Mar 9, 2013; Melbourne, FL, USA; Miami Marlins left fielder Christian Yelich (76) hits a one run single against the Washington Nationals during the top of the third inning of a spring training game at Space Coast Stadium. Mandatory Credit: Derick E. Hingle-USA TODAY Sports
It is no secret that the Miami Marlins are all about saving money. This last offseason was proof that the Marlins have, and will continue to worship the bottom dollar at the expense of winning. That being said, Loria has claimed numerous times that he is interested in fielding a team that wins championships and is built for the long haul. In a market that struggles to draw fans, and a TV contract that is less than ideal, it can be difficult to afford big name stars at the price tag that they command. The most effective way for a team in the Marlins situation is to take a page from their neighbors from northern Florida.
The Tampa Bay Rays have similar difficulties when it comes to drawing crowds. The Rays routinely join the Marlins toward the bottom of the average attendance rankings each year yet, unlike the Marlins, they are often competitive and have finished with at least 90 wins in 4 of the last 5 years. The way that they have accomplished this is fairly easy to copy. They sign their free agents before they even begin to sniff free agency and that big payday that they are assured to get.
The Rays began this practice in 2008 when they
brainwashed convinced Evan Longoria to sign a 6 year contract for 17.5 million. This covered 3 of his arbitration years and even contained team options for 2014- 2016. For those of you keeping score, the Rays could have had one of the best players in the game for 8 years and a total of 44 million dollars. Most GM’s would be content to relax and pat themselves on the back after a contract like that, but not in Tampa. Last fall they gave Longoria an additional 6 year extension which will pay him 133.6 million over 10 years, starting with this season. That means one of the top hot corner infielders is going to make on average 13.3 million a year through the prime of his career, until age 37. To be sure, that is not chump change, but it is a bargain price that the Rays could afford. This was made possible with a savvy contract offer less than a week into Longoria’s big league career.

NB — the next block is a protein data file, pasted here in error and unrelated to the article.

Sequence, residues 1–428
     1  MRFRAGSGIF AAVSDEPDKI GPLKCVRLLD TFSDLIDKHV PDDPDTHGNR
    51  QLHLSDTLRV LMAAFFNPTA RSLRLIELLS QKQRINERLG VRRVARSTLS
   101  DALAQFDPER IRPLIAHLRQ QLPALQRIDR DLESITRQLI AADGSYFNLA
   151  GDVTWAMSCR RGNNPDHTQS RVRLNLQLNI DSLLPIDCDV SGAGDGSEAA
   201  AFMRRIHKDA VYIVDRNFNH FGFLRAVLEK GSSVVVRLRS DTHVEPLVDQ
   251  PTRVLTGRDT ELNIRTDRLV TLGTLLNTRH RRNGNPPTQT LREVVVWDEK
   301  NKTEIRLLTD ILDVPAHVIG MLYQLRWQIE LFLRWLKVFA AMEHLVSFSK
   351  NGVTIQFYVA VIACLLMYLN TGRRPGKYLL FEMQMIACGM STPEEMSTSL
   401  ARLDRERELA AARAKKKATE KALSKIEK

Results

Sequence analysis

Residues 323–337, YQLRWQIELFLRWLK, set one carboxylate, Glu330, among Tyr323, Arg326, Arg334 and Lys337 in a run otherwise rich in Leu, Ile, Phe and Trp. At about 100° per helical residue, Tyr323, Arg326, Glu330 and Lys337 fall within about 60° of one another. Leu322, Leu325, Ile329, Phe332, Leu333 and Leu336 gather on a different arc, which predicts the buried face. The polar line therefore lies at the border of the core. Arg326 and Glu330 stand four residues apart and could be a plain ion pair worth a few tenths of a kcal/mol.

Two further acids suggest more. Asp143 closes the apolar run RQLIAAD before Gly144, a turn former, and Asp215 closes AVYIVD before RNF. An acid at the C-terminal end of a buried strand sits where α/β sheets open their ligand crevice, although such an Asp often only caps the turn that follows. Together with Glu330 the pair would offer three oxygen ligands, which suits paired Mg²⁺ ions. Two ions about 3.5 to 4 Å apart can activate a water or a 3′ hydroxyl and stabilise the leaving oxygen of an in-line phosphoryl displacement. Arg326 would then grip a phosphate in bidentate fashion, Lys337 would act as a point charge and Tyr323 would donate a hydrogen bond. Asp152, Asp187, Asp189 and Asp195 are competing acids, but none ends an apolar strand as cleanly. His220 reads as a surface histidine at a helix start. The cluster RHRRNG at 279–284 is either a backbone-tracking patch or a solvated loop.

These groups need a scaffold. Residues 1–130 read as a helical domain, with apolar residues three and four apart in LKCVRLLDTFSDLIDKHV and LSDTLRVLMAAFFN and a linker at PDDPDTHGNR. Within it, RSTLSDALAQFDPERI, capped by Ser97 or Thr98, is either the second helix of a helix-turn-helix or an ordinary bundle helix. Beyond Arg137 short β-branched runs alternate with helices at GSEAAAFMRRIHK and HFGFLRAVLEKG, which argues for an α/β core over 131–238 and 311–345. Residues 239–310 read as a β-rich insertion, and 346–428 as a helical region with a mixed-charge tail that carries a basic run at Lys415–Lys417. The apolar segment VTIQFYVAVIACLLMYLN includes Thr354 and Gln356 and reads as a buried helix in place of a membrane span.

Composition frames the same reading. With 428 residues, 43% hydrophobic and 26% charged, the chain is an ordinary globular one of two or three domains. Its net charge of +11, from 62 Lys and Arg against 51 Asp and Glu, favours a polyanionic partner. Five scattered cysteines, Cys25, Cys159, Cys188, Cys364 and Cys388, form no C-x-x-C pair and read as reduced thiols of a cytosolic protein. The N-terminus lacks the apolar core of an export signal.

This example brings us to Christian Yelich. Seemingly all scouts love this kid. He posted a slash line of .313/.387/.499 in minor league ball and hit a otherworldy .364/.451/.818 during spring training this year. So far since receiving the call to the majors he has done nothing to disappoint. He showcases good speed to go with a good arm and can play all 3 outfield positions. He seems poised to emerge as one of the Marlins top players before this season is over. He is the type of player that you can build a team around.
So why wait?
Offer him a contract that he can’t refuse. The Marlins may not be able to secure him for quite the price that the Rays got, but he will definitely be discounted, and you can avoid the arbitration years. It is no secret that the Marlins created a lot of ill will amongst MLB players when they shipped some of their recently signed players to Canada. Giancarlo Stanton, for one, was jaded enough to lash out on Twitter. You know who isn’t jaded on Twitter? Christian Yelich. He is so excited to be playing in the Major Leagues that he just might jump at some money if offered. It might be difficult to get future stars to come to South Florida with Loria calling the shots, but if he is smart, He will do what he needs to do to sign Yelich to a long-term deal sooner rather than later, before the novelty of playing in the big leagues wears off and he comes demanding a whole lot more money on pay-day.